Leaves from the Cotton Tree, Celebrating Thirty Years of the Sierra Leone Ireland Partnership, with a foreword by Claire Buckley, Ambassador of Ireland to Sierra Leone, edited by Joseph Bockarie and seven others (SLIP, Kilt ale, Dunsany, Co. Meath, €15.00 + $5.00 p+p; email email@example.com for payment details.)
The cotton tree of the title stands in the centre of Freetown, the capital of Sierra Leone, on the coast of West Africa, on what was once called “the Whiteman’s grave” because of the tropical diseases rife there which made off with countless traders.
The tree is said to be hundreds of years old, to have been there even when the British came at the end of the 18th Century. It still flourishes after all those years, and can be seen as a sort of symbol of the history of Sierra Leone itself, a country founded for freed British slaves. Though a great tree grows and changes all the time, it remains the same tree at its core.
This is a book which will interest anyone at all concerned with the development of modern Africa. Sierra Leone was much more important in the last two centuries than it is today, as it was almost the first base the British had on the bight of Africa. But Africa, which might once have seemed unchanging, is now known to be a place of continuing change.
Graham Greene, the novelist, was based there as a British intelligence officer keeping an eye on Vichy controlled French Guinea. That was in 1942 and it later gave rise to his novel The Heart of the Matter (1948).
He came back to Freetown for Christmas 1967 and was astonished at the change. The population had grown. The shabby little house he had once lived in was now brightly painted, and the garden around it, then filled with weeds, was now beautifully laid out with flowers and shrubs. The rickety hotels of the old days had been replaced by shining modern ones. The streets were filled with cars, and crowded with people.
One of the 37 contributors to this book, Frank Roden, who went to Sierra Leone to teach in 1967, went back there in 2016, and like Greene was astounded by the changes, though in between times there had been a civil war and viral epidemic.
As one reads, various aspects of Sierra Leone passing through these great changes come before our eyes. All the contributors wish the country well and want to see it thrive. As it improves the people may look around at their immediate neighbours, such as Guinea or Nigeria, and see that the region as a whole remains deeply troubled.
Overall this book provides a panorama of Irish involvement in various aspects of this ever changing Sierra Leone. But it was a task that had to reconcile both the new ways with the old traditions. Africa today is largely young and urban. Zaire, for instance, now the largest city in Africa and growing fast, was a riverbank muddle of huts in the 1890s. This vitality is the great contrast with the old colonial Africa and with the early years of independence.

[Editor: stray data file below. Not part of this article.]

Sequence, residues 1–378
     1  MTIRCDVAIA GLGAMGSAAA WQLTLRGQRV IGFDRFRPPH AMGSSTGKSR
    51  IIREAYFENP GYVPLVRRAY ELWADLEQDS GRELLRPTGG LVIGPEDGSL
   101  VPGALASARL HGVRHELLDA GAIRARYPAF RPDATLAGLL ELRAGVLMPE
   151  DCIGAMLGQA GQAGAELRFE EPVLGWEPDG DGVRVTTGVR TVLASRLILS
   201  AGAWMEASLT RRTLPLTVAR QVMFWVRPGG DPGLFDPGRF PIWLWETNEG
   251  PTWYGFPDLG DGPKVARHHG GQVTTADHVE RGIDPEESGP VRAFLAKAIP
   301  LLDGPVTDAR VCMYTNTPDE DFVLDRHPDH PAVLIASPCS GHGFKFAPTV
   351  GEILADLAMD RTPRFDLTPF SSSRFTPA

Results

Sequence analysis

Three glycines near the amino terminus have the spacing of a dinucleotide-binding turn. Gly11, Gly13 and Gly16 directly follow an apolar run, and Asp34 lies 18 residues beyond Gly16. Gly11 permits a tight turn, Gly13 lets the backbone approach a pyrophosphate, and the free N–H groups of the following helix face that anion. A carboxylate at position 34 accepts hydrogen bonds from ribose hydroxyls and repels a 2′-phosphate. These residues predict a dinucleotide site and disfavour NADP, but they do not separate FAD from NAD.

There is something striking, or at least of great interest, in every article. But it is the details that strike one and remain in one’s memory. Sr Hilary Lyons, for instance, recalls an incident from 1997.
Called across to the clinic in Cameroon, where she was then serving, she arrived by the patient’s bedside to find a hen sitting on her head, a traditional healer also by the bedside. Her account of how she saw the rituals of the healer that night as a reconciliation of development and tradition is an insightful one.
Her acceptance of the healer ran counter to what others felt was Church teaching, but she saw it all from a different angle. “All God made is sacred. According to Thomas Berry and other theologians nothing is profane.” The hen was an important symbol.
Helen Fallon, now at the library in Maynooth, notes the tremendous improvement in library access. Back in 1991 it was hard for local graduates to do research and even harder to submit their research papers to journals in Europe and North America. Now thanks to international support that has greatly improved. Africa’s own ancient and medieval heritage is now being investigated, completely altering perspectives on the past.
This is a book of witness statements to life and experience in Africa which ought to have a wide readership. This is not the Africa so often presented in our news media, nor is it Graham Greene’s “sweetsoup land”, let alone “the Whiteman’s grave”.
In concert they all present a symphony of Africa, of the real Africa they have all come to love and admire.
Graham Greene’s essay on returning to Sierra Leone in 1967 can be found at the end of his Collected Essays (London: The Bodley Head, 1969)